Review: chemokines in transplantation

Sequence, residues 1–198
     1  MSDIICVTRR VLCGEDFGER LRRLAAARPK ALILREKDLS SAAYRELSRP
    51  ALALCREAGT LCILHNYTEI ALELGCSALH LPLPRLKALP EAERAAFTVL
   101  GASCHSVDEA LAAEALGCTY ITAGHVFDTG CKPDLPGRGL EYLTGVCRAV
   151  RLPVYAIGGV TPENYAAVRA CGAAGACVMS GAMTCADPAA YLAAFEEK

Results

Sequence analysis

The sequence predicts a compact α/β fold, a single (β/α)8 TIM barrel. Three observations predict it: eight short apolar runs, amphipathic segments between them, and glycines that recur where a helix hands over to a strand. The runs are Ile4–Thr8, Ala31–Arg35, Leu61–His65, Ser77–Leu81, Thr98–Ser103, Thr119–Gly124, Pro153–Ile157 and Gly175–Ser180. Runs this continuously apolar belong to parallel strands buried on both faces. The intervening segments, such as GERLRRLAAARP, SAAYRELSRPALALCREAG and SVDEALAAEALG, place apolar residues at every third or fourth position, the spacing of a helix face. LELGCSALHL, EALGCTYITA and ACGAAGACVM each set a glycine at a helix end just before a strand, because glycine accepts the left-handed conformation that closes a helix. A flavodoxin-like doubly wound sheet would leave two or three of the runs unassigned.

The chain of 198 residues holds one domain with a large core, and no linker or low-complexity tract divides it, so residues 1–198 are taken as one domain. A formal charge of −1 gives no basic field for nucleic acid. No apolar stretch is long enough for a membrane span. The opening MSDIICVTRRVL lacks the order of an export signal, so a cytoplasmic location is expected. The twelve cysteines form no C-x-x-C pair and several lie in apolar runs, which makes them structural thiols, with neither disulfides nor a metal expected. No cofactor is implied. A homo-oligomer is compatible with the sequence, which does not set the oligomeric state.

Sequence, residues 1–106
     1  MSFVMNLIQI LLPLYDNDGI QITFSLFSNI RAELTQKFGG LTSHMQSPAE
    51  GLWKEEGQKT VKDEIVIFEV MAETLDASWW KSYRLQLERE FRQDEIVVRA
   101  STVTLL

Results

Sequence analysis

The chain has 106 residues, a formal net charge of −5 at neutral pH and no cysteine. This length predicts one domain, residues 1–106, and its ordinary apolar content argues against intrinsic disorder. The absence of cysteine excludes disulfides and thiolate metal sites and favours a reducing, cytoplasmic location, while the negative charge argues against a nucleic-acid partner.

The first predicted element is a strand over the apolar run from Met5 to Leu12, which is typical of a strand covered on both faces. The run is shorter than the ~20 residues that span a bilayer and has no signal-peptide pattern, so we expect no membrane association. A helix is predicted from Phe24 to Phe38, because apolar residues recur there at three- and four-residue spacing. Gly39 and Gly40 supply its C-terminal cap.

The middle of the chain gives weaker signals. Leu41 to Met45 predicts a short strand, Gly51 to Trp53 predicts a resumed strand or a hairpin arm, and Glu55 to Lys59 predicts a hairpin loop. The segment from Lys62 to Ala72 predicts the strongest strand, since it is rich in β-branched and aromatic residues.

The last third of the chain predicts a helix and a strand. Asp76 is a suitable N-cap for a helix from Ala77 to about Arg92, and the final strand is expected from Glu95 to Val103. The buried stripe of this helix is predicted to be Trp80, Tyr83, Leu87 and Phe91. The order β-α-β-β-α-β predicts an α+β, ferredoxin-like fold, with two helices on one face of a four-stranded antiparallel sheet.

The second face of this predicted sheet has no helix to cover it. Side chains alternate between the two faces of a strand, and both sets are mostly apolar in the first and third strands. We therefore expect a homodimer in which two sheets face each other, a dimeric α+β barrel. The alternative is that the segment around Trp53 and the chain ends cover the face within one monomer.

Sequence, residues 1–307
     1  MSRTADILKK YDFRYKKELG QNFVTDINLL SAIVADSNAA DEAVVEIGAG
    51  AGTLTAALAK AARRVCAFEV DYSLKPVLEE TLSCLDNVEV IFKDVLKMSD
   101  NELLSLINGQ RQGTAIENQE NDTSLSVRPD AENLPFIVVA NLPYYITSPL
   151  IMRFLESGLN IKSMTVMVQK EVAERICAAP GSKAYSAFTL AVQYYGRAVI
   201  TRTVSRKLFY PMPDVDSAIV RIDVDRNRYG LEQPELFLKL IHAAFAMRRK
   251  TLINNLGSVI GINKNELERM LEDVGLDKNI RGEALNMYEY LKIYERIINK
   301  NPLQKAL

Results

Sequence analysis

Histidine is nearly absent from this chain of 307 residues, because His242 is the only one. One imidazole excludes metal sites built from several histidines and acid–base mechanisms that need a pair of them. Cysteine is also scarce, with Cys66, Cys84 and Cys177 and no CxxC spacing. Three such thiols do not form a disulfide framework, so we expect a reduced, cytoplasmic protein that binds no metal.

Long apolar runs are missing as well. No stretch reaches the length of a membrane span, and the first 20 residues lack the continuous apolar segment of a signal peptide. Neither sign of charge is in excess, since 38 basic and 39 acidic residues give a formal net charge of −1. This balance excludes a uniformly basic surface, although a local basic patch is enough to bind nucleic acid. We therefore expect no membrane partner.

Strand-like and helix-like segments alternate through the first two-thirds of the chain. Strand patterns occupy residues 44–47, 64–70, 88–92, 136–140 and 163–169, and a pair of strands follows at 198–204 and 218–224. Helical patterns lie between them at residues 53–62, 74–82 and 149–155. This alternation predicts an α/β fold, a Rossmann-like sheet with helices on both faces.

The alloimmune response in solid organ transplantation is characterized by antigen presentation, activation of the recipient's immune system, and an effector response. Chemokines are chemotactic cytokines and play a role in all 3 components of the alloimmune response. Early studies showed an effectiveness of chemokine receptor blockade in experimental transplant models; chemokine receptor blockers will become more widely available because of their development for other applications. This review intends to summarize the available experimental evidence surrounding chemokines in transplantation. It will first describe the inflammatory chemokine/receptor pairs IP-10/CXCR3, Regulated upon Activation, Normal T-cell Expressed and Secreted (RANTES)/CCR5, and MCP-1/CCR2 and then cover studies regarding dendritic cell trafficking, memory cell trafficking, and regulatory cell trafficking, as well as the role of chemokines in the innate immune system. The role of S1P receptors and its antagonist FTY720 will be covered because it exemplifies the importance of trafficking for the immune response. Especially as subsets of lymphocytes and dendritic cells will be better defined as far as their regulatory and memory function is concerned, chemokine targeting strategies will be important in transplantation. © 2007.
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